Crane Prairie Dam was built by several local irrigation districts serving lands south of the North Unit, principally the Central Oregon Irrigation District. It is a rockfill timber-crib dam about 2 miles above Wickiup Reservoir on the Deschutes River. By the time work began on the North Unit, the dam had become unsafe and was rehabilitated by the Bureau of Reclamation in 1940. Crane Prairie Dam is an earthfill structure 36 feet high and 284 feet in length at its crest. It contains 30,000 cubic yards of material. The spillway is an uncontrolled weir in the floor of an open cut channel in the left abutment. The reservoir has a total capacity of 55,300 acre-feet (active 55,300 acre-feet).
The right wall of the spillway was raised 9 feet in 1992 to enable passage of 60 percent of the probable maximum flood without overtopping the dam.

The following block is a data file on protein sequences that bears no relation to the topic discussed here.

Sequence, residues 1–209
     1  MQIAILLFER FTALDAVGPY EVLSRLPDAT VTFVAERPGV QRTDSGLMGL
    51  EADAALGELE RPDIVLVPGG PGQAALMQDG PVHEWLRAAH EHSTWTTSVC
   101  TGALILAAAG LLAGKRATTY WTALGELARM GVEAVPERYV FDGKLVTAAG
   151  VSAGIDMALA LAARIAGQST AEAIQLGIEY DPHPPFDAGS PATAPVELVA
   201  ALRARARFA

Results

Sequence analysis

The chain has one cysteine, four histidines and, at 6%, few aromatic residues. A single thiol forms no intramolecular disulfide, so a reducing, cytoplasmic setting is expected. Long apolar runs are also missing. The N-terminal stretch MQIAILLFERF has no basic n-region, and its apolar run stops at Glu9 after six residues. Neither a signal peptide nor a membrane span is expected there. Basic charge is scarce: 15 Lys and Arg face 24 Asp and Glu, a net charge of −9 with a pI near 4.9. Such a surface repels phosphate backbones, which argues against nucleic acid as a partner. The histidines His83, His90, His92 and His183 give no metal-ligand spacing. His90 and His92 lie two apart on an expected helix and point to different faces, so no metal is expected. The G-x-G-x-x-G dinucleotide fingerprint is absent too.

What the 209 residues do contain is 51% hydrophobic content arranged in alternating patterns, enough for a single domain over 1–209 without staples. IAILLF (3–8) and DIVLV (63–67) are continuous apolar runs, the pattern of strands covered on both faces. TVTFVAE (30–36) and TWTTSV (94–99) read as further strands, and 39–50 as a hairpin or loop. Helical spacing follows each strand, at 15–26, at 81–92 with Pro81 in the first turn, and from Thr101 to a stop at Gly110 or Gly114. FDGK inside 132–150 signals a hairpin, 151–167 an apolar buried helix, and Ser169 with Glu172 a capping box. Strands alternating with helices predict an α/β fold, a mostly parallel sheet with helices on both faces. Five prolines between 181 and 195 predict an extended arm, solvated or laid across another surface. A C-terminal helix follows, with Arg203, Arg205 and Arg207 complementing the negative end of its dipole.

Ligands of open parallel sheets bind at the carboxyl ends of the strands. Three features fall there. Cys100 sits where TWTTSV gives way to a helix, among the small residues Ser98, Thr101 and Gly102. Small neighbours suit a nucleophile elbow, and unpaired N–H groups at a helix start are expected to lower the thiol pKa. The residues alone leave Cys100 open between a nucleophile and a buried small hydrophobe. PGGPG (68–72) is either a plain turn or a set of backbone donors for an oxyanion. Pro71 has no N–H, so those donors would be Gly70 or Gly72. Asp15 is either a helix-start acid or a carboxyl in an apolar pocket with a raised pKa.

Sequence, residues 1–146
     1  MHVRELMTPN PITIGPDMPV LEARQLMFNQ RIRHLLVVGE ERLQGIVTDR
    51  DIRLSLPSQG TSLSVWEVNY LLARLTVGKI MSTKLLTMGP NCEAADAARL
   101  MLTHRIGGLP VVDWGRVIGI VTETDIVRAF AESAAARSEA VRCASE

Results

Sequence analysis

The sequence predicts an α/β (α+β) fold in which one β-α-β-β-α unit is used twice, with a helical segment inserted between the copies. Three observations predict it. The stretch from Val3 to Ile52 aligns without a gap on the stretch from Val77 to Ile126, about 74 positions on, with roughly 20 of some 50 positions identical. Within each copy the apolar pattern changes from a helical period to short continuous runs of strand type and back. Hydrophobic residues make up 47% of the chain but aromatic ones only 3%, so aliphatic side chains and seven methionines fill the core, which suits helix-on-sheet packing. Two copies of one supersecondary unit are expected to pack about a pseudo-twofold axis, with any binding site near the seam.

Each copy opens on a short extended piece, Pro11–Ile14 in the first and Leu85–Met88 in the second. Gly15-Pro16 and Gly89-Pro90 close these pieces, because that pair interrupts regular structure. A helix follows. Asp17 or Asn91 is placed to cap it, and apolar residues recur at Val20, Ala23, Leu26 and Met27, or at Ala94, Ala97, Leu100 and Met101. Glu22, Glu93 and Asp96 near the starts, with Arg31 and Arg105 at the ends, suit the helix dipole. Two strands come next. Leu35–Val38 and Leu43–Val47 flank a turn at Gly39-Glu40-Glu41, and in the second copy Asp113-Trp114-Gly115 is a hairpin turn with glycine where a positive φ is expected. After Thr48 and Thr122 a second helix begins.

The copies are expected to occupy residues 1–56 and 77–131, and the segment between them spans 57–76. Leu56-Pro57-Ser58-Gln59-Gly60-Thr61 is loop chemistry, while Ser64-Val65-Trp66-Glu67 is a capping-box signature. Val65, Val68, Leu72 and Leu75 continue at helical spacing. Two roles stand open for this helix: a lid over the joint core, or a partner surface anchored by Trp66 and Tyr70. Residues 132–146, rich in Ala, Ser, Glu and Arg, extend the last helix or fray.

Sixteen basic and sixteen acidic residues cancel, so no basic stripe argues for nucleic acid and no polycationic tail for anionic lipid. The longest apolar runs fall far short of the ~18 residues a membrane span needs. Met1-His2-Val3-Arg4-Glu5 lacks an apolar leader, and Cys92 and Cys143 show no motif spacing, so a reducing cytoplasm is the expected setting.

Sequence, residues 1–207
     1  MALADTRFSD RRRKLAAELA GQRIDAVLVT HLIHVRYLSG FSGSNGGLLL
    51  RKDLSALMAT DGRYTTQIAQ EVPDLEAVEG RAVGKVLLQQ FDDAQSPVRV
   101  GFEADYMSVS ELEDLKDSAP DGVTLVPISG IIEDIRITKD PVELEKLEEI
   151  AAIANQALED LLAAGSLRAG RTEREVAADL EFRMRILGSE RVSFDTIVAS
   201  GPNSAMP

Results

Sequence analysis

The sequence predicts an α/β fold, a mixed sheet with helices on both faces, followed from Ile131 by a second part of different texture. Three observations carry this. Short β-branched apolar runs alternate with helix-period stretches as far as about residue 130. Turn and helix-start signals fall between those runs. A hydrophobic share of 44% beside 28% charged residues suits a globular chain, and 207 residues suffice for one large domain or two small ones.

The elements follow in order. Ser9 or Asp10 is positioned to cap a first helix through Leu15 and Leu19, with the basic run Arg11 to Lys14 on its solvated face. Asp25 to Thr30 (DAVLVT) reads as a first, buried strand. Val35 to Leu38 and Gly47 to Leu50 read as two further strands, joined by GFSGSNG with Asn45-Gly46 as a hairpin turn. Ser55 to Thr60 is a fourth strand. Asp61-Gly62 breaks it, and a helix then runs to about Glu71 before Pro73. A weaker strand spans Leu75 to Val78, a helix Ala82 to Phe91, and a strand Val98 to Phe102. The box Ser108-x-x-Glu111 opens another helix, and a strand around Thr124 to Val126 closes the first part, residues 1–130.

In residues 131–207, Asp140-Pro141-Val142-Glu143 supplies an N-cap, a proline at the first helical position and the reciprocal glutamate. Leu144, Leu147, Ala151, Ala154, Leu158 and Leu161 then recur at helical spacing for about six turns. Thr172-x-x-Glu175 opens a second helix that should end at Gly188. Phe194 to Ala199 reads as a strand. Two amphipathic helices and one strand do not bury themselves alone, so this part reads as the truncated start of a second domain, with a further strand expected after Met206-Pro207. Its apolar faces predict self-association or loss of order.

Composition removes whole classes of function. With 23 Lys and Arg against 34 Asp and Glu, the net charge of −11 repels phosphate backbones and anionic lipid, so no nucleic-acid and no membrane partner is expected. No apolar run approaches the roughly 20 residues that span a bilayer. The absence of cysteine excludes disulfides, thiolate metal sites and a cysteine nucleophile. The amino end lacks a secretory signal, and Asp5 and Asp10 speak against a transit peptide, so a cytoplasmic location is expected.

Crane Prairie Dam and reservoir are situated in forest covered volcanic mountains, consisting of buttes, craters and intervening sediment covered basins. The intermittent out-pouring of lava flows and explosive volcanic activity has created very complex geologic situations in local areas. The porous lava flows, breccia, ash and deposits of water lain sediment can be linked to a huge absorptive sponge with local perched or depressed water tables, where lakes and springs have been created at various elevations, according to the rate of inflow or outflow of water as it adjusts to local topographic and geologic conditions. The readjustments of the earth's crust during and following volcanic activity undoubtedly created huge cracks, fissures and faults through which the surface water can be lost or move to lower subsurface elevations.